There was shock and amazement today as a front-page story in a national newspaper accused car dealers of being less than honest with their customers. In other breaking news, the Pope is reported to be Catholic.
The Daily Mail, Britain’s paragon of balanced reporting and nuanced journalism, (although it sounds better when you call it “undercover reporting”) at a number of car dealers across the UK.
They found that: “Ruthless salesmen are offering customers Audis, Vauxhalls, Suzukis and Fords worth up to £20,000 for no deposit – even if they admit they are unemployed, on low wages or have a poor credit rating.”
The newspaper has tried to link car dealers mis-selling finance products (usually personal contract purchases or PCPs) to a potential stock market crash, but it has added two and two together and ended up with about seventeen.
Shock – Daily Mail reporting is not honest!
Of course, the irony of a trashy tabloid accusing car dealers of making reckless, false and misleading statements to boost their sales is simply hilarious…
So, what actually happened? Firstly, the above quote from the Daily Mail is misleading. This is important because it conveys the wrong impression about how car finance is actually sold.
The average car sales executive cannot make finance offers; they can only try and sell you on the idea. A formal finance offer is made by the finance company, via an accredited person at the dealership (normally the business manager or possibly the sales manager), and only after a formal finance application has been made. So the process is:
- Sales executive convinces customer to buy a car, in the form of a signed contract to purchase the vehicle at a given price (nothing to do with finance).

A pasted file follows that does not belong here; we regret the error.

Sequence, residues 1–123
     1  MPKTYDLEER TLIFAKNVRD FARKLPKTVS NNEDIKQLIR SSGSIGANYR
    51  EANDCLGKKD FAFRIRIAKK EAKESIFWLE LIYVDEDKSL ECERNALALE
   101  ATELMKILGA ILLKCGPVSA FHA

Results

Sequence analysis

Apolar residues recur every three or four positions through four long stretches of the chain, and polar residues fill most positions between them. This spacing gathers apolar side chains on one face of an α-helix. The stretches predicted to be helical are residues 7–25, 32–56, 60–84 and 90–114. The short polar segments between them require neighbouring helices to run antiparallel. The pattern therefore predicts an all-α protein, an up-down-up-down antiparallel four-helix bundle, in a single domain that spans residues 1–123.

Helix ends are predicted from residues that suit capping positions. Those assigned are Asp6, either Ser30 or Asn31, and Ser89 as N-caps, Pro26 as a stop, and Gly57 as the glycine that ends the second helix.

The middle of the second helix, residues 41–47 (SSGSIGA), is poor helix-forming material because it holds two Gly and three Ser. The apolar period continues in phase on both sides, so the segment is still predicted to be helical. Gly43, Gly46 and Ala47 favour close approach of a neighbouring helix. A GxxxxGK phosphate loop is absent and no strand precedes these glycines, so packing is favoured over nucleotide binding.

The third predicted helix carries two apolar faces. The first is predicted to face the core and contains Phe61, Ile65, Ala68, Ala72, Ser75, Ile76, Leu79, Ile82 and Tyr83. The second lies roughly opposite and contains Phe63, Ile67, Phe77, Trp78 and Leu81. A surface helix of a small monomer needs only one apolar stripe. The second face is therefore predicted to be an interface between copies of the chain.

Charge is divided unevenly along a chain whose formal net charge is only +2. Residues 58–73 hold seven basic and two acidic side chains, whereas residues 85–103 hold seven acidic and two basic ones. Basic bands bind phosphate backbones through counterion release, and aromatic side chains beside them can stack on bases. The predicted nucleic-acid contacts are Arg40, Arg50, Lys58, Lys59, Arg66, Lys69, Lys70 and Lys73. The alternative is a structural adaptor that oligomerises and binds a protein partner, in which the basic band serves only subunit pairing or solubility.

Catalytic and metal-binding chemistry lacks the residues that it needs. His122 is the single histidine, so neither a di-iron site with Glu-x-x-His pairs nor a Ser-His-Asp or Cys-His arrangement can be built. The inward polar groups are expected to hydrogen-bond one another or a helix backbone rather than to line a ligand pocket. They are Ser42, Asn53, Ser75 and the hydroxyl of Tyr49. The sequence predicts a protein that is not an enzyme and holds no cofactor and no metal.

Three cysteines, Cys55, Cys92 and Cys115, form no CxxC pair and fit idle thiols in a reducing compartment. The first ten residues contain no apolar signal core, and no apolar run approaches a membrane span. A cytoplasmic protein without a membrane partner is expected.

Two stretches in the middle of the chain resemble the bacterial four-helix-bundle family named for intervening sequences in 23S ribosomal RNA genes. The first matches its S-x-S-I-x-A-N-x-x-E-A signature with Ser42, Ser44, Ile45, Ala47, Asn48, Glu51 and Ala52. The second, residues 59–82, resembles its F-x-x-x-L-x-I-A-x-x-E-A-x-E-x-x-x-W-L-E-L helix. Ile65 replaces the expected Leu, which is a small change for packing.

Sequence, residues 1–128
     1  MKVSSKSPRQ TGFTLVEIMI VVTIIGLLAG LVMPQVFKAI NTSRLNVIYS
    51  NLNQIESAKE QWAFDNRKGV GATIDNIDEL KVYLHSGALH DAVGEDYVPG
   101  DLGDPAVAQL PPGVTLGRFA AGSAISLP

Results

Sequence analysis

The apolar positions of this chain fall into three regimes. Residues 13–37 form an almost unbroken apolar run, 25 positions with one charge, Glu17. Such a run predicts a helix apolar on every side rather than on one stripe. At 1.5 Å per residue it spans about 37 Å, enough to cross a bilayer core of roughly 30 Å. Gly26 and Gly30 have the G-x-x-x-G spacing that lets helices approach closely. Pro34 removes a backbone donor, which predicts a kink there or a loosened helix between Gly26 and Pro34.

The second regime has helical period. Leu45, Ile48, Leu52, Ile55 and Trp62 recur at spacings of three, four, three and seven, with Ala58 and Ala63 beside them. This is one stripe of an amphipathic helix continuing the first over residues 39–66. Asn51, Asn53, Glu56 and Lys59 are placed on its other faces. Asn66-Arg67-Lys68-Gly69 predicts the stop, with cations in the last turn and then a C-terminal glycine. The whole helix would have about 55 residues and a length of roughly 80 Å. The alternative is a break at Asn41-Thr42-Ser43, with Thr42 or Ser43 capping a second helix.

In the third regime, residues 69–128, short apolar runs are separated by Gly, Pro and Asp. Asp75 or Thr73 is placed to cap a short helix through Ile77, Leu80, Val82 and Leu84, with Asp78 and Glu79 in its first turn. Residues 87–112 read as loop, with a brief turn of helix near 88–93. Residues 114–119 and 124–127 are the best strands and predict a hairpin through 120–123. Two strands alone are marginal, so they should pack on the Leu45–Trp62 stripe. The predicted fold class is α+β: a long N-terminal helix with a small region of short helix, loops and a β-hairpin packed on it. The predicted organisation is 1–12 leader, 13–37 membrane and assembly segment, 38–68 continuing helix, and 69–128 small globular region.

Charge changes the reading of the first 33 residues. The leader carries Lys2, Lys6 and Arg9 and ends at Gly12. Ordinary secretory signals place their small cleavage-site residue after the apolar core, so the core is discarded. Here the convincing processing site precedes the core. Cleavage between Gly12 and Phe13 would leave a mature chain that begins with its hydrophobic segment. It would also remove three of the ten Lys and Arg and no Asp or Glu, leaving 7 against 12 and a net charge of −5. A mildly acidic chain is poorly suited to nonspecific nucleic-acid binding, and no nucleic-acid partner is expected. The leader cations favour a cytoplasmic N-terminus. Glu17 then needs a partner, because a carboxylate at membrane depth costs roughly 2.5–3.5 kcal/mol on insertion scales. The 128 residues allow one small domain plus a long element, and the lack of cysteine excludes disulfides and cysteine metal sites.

- Business manager puts together a finance quote, based on information provided by customer, and submits a formal application for finance to the finance company.
- Finance company approves or rejects the application. There may be a conditional approval, based on additional or different requirements from the customer.
- Finance company makes an offer of finance to the customer in the form of a formal finance contract. The terms of this offer may or may not be the same as what was originally quoted by the sales executive or business manager.
Of the 22 car dealers visited by the Daily Mail, precisely zero finance applications were submitted and, correspondingly, zero offers were made to customers. No-one was “offered a £20,000 new car for no deposit” or anything else.
What clearly did happen was that a number of the car sales executives tried to lure the customers (sorry, “undercover reporters”) into buying a car through misleading information, outright lies and possibly even conspiracy to commit fraud. So there is definitely a newsworthy story here, but it’s not the one that the Daily Mail is trying to tell.
Shock – car salesmen are not honest! (nor are car saleswomen)
Dodgy sales tactics are nothing new – it’s one of the reasons this site exists. Sales executives are paid hefty commissions based on how many cars they sell, how many finance deals they sell, how many GAP insurance policies they sell, and so on. They also have pretty tough targets in terms of how many of these products they sell, so they are often desperate to get your business – especially if they’re struggling.
It’s very clear that some car dealers will bend the truth (or worse) to get a customer’s name on a contract. We’ve been banging on about it for years, and the Financial Conduct Authority (FCA) has opened an investigation into the way that car finance is being sold by car dealers.
It’s important to point out that there are many ethical car dealers and sales executives across the country who will do the best they can for their customers – like most industries, everyone gets tarred with the same brush. However, it’s probably also fair to say that car dealers have more bad apples in their barrels than most other industries…